OPINION: A combined sports contest would strengthen county links
- Credit: Archant
Great Yarmouth and Lowestoft have savoured countless flirtations despite obvious rivalries and occasional spats over important matters like football, fishing and ratings on the More-Fashionable-for-Tourists ladder.
The latest bout of “Yartoft” philandering features a bold campaign to join forces in search of UK City of Culture status in 2027. It may be hard to see how two towns can combine for a “city” honour – but I note Cornwall and Isles of Scilly are also partners on a list of contenders.
A race for a year-long place in the publicity sun was set in motion to build on Liverpool’s selection as European Capital of Culture in 2008 with economic and social benefits flowing across the Mersey.
Derry, in Northern Ireland, claimed the inaugural City of Culture crown in 2013, when Norwich made the shortlist, with Hull taking the honours four years later and Coventry currently relishing a spell in the spotlight.
While our coastal cohorts continue to lobby for shared recognition, I would like to float another adventurous idea to enhance Norfolk-Suffolk links beyond relish for excellent breweries, dialect delights, suspicion of newcomers and memories of Paul Lambert.
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Time for my special Olympic-me-up. The most celebrated sports festival in the world must be prepared for an overhaul, a new set of values, a fresh series of events in which ordinary mortals like you and I can excel.
Don’t worry if the only floor exercise you can manage is scrubbing the kitchen tiles and individual foil means preparing the chicken for Sunday dinner. Or synchronised diving takes over when you open an expensive box of chocolates.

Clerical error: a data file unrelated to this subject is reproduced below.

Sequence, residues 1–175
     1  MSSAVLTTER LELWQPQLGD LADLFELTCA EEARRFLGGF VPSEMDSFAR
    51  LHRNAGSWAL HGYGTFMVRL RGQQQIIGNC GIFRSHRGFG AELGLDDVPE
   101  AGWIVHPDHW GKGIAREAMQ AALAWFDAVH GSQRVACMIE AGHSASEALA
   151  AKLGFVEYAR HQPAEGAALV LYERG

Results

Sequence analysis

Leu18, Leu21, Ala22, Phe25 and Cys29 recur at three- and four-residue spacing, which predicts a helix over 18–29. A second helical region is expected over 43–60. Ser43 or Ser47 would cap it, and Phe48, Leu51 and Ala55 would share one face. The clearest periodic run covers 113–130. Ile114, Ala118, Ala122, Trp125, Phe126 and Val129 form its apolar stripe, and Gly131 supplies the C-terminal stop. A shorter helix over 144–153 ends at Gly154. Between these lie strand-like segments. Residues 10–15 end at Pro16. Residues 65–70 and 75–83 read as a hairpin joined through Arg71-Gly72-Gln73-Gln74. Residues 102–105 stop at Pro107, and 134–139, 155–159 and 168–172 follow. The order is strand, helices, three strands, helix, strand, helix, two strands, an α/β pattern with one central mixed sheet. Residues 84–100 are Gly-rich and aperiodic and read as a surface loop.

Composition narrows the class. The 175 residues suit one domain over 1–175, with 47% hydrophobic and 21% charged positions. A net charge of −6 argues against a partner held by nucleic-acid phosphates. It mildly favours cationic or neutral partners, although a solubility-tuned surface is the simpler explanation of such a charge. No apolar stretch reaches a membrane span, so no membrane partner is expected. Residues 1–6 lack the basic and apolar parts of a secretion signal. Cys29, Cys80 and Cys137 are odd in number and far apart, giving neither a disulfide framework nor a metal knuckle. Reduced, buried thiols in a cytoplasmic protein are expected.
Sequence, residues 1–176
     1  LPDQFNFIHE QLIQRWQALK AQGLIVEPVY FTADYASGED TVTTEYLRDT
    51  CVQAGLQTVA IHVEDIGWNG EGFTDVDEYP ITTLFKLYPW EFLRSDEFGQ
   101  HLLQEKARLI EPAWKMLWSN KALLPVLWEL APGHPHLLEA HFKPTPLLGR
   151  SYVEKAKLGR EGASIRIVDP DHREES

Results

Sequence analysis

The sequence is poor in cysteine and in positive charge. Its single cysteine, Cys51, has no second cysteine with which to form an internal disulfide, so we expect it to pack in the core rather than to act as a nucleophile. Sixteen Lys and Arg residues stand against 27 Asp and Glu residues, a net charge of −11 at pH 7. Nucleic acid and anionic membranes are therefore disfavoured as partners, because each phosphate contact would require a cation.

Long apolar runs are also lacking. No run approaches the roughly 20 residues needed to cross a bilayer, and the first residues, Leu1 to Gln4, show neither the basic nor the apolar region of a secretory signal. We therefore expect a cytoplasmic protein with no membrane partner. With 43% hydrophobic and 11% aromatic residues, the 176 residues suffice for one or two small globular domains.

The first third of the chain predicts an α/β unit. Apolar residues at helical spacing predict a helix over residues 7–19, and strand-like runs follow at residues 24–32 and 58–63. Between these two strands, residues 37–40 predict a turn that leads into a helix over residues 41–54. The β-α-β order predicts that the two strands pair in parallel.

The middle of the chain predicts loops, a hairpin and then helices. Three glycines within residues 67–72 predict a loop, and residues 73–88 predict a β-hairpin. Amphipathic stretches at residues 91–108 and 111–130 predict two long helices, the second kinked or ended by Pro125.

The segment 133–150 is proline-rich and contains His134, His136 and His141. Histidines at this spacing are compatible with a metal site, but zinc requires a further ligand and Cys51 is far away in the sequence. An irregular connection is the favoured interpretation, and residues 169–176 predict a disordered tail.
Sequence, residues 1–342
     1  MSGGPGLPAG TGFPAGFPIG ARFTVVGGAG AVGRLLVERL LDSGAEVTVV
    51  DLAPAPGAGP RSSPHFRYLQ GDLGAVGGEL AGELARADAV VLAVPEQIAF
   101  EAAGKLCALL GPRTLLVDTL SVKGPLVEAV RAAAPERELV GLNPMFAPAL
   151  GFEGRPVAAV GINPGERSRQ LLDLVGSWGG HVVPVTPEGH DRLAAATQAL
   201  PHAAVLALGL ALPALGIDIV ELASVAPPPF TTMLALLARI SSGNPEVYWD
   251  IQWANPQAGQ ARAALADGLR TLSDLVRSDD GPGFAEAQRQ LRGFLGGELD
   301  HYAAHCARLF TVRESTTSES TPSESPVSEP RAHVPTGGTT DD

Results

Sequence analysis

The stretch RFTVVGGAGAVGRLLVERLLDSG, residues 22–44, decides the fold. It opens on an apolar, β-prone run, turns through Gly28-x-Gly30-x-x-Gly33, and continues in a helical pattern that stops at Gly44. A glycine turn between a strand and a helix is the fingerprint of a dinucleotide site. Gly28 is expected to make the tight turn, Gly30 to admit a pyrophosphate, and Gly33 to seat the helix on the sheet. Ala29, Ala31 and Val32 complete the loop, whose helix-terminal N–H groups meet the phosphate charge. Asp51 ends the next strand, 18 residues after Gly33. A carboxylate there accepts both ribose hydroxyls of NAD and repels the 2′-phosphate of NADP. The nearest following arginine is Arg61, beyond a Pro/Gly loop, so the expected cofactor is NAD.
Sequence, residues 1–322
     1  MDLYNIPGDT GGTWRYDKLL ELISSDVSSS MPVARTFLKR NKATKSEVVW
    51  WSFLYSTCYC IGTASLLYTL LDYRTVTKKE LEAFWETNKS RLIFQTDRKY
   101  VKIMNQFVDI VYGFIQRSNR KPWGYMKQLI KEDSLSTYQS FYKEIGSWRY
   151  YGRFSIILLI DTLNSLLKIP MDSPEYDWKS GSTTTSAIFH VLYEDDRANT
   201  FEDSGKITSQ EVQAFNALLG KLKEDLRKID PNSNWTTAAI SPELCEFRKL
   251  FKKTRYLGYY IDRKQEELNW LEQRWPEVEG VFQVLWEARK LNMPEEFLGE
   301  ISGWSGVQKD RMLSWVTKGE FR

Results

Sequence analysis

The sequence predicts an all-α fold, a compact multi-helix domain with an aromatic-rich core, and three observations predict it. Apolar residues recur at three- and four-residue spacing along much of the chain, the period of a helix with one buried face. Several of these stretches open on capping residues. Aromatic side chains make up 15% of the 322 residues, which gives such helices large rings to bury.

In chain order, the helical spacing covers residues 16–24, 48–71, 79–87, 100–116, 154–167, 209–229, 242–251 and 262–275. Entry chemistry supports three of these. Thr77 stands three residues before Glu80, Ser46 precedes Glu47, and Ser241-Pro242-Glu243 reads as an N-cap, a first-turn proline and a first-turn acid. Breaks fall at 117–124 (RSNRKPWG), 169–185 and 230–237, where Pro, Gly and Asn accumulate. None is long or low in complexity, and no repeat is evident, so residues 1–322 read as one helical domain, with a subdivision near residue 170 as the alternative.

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Perhaps a three-day event is a binge that leaves you with a Monday hangover and the hundred metres is your idea of a good working title for a gasman’s memoirs. Our “Norfsuff” Olympiad will be right up your lane, based on belief that taking part is more important than winning.
There’s no shortage of suitable venues in both counties and scope for stretching blindfold relay races and cross-country skateboarding across the Waveney border, especially as Suffolk could be invited to foot the bill for this entire extravaganza.
Nelson’s County must stage traditional competitions deemed worthy of keeping, like caber tossing at Wood Rising, 1500 metres at Mileham, rowing at Sculthorpe , long-distance walking at Limpenhoe and chicken-plucking at Great Moulton.
Suffolk specialities ought to include welly-whanging at Worlingham, obstacle race at Blundeston, baseball at Letheringham , angling at Codenham, floodlit plunging at Dunwich and metal-detecting at Sutton Hoo.
Village cricketers, obviously, hope their favourite sport will be on the menu. It was included in the 1900 Olympic Games but has not been invited to bat an eyelid since. Croquet came and went with no hoop of more invitations. Now, if Hunstanton gets the nod, that charming sport could return.
The tug-of-war made its mark in 1908. The United States team then complained that Liverpool Police were wearing illegal boots with spikes. Reedham, eight miles from Great Yarmouth, is the natural setting for a muscle-bulging revival. Reedham Vikings pulled in plenty of backing not long ago.